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The Constitution established a series of compromises between those who feared a king would be in charge of the executive branch and those who wanted the president to have enough power to do the will of the people. Among those protections that have been debated and codified over the centuries is the president’s power over classified information. That power is essentially endless, which is why even whistleblowers can’t just leak information to the press or expect Congress to have access to their complaints when it pertains to national security.
Such is the case with the recent reports that a whistleblower has come forward accusing President Trump of making inappropriate promises to foreign leaders.
Like it or not, Democrats are not going to get access to this information. When President Clinton signed the Intelligence Community Whistleblower Protection Act of 1998, he asserted, it “does not constrain my constitutional authority to review and, if appropriate, control disclosure of certain classified information to Congress.”
Robert Litt, who served as general counsel to the Office of the Director of National Intelligence in the Obama administration, noted that Mr. Clinton asserted the right to executive privilege when he signed into law the Intelligence Community Whistleblower Protection Act of 1998.
“The executive branch has always maintained that it does not consider the statutory language mandatory,” Mr. Litt wrote on the Lawfare blog. “In signing the original Intelligence Community Whistleblower Protection Act of 1998, President Clinton stated that it ‘does not constrain my constitutional authority to review and, if appropriate, control disclosure of certain classified information to Congress.’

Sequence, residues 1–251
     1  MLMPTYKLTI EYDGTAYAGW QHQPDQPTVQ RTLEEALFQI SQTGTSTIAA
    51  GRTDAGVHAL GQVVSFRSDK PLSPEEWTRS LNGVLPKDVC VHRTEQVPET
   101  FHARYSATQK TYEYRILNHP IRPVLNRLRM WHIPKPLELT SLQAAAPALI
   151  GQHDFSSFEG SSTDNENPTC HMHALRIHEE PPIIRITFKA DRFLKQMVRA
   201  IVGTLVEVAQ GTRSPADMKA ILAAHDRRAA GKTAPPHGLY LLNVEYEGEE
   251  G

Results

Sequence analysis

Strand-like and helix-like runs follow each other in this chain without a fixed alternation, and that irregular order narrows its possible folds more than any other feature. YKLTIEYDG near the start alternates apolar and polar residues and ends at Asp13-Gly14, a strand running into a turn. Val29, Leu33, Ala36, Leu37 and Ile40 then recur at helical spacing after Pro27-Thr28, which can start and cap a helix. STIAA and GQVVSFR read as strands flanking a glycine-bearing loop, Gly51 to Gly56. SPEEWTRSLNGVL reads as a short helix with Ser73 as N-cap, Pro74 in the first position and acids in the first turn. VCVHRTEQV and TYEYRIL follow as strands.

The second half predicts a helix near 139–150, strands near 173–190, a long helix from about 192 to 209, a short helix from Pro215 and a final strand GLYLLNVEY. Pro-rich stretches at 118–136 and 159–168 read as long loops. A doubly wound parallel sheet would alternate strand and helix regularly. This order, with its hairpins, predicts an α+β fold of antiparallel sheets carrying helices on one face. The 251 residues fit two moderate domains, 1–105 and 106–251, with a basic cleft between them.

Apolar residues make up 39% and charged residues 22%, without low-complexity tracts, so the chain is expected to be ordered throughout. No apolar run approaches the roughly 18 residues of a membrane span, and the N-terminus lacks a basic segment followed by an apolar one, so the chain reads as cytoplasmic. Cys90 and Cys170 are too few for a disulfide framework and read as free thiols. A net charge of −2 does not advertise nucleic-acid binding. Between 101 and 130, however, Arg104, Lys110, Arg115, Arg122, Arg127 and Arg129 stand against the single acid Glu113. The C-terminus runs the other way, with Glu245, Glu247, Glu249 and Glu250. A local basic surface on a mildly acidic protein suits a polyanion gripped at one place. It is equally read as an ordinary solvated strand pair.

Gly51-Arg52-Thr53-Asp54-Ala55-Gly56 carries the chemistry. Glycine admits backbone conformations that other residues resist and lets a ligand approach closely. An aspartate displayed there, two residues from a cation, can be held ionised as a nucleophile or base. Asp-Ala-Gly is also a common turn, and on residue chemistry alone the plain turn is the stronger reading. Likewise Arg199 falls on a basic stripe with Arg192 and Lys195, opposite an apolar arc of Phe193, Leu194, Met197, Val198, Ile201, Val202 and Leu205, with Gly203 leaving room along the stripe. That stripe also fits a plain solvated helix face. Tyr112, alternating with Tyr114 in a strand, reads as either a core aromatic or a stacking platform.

“President Obama reiterated this limitation in 2010,” he said. “Congress no doubt disagrees with this interpretation, but the president’s ultimate control over classified information has been a consistent position of every administration.”
Some may say this is unfair, that it puts too much power in the president’s hands when it comes to dealing with foreign governments. But what critics fail to understand is the necessity of a strong executive branch when negotiating with foreign powers. We already have protections through which the fruits of negotiations require approval, including the ratification of treaties. To hamper the President into speaking too carefully with dignitaries because he’s worried about whistleblowers is an unnecessary burden.
Moreover, not allowing this privilege would open the doors for compromised individuals to spill too many secrets. The handling of classified information must be maintained at the highest level, and that means giving the President complete control.
Democrats can scream all they want, but their predecessors knew what was at stake. Whether it’s President Clinton, President Obama, or President Washington, they knew the importance of classified information. President Trump is no exception.
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